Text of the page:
That reality leads many women to either hold back the desire to sample impulsively or to hide prior experiences from new potential partners, while simultaneously accepting the fact that men do not have to feel equally undesirable. "Used goods" are not labels traditionally used to describe men. Hot, sexy women, who appear proud of their past conquests, can be very desirable to men initially, but they have often sadly confessed to me in private that they are not often seen as long-term choices. "Bad boys" are experienced by many women as sexier, but those who are wise don't harbor the belief that they are likely to settle for one woman over time.

When there have been many relationship disillusionments and disappointments, it is natural for anyone to feel pre-defeated in finding "the one." Careful, cautious beginnings would seem the best bet. Yet, just waiting and non-risking while giving up the fully living adventure of new love can actually make people less willing to risk as they stop practicing connecting and experiencing, wherever they may lead.

We become better at what we practice, both negative and positive. That means that we should ideally behave as the best person we are in the moment, no matter what present circumstances dictate, keeps us more valuable when the next possibility emerges. (See my article on Psychology Today, "Touch and Go Relationships -- Do They Need to be Superficial?")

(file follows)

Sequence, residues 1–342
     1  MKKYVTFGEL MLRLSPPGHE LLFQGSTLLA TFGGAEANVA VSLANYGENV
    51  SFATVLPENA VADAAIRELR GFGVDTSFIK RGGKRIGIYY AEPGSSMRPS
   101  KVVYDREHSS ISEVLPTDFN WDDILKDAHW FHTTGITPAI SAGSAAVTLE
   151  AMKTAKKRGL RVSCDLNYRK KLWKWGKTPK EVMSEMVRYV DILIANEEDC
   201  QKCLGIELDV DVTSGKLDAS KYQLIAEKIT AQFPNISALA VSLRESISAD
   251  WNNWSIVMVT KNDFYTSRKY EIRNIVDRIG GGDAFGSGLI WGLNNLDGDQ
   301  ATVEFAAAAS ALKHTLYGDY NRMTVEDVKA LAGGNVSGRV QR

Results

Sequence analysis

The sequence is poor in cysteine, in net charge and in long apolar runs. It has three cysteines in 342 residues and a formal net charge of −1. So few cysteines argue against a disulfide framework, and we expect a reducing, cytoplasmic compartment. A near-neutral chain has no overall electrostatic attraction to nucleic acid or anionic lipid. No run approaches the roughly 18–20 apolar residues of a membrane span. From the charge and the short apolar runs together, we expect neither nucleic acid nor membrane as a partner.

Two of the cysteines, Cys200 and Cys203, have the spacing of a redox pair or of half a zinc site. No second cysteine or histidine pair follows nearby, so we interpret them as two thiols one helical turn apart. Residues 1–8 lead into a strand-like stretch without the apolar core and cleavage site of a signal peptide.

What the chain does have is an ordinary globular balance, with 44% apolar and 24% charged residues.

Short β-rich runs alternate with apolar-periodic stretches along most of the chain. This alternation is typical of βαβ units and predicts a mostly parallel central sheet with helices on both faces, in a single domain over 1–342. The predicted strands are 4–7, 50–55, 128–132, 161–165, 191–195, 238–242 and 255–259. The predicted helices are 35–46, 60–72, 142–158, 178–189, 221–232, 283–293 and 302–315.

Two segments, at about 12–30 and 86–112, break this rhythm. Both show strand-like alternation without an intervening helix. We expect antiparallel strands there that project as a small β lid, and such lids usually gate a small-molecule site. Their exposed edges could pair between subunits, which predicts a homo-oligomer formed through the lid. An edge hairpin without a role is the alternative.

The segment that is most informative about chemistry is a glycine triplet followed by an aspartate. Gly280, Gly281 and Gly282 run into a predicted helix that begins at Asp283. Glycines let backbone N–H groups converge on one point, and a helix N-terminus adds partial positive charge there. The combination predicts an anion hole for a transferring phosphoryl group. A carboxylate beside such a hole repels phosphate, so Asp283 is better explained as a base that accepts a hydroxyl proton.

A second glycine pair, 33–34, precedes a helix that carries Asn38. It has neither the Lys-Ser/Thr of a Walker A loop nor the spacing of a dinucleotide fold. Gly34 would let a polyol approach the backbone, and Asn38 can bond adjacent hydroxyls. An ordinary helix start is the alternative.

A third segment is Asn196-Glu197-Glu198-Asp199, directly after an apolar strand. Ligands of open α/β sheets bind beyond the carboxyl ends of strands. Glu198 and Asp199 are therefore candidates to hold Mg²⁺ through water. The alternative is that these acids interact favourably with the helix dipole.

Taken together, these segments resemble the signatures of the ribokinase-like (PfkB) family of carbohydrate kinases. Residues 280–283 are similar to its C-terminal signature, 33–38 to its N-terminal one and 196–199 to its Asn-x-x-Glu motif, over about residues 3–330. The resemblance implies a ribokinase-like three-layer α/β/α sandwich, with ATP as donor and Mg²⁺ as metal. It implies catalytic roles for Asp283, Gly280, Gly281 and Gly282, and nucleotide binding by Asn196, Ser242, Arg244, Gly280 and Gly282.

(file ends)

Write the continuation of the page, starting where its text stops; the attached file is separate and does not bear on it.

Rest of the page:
So, what is the answer to whether or not it's better to hang back or rush into your next opportunity to create an intimate relationship?

If you regularly practice how to be the best, most authentic, most self-respecting, and alive person you can be, no matter how many relationships you enter and leave, you will be the most likely to eventually end up in a quality relationship.

If you know who you are at your best, what you want, what you have to give, and what your odds are in the open marketplace, the timing of how soon you become intimate and connected is not the issue. Entering a new relationship with clarity and self-confidence, you will automatically be able to discern early-on whether a potential partner is worth your investment. When you and that new person are potential candidates for a long-term connection, you both are entering a new adventure that cannot have a pre-decided attachment to outcome. Your reasons for entering that unknown culture are the desire to fully experience, to learn, and to grow. You can't do that if you are too concerned as to whether the relationship will be temporary or permanent. Instead, you're committed to entering and leaving every relationship liking yourself better from what you've experienced.

Dr. Randi's free advice e-newsletter, Heroic Love, shows you how to avoid the common pitfalls that keep people from finding and keeping romantic love. Based on over 100,000 face-to-face hours counseling singles and couples over her 40-year career, you'll learn how to zero in on the right partner, avoid the dreaded "honeymoon is over" phenomenon, and make sure your relationship never gets boring.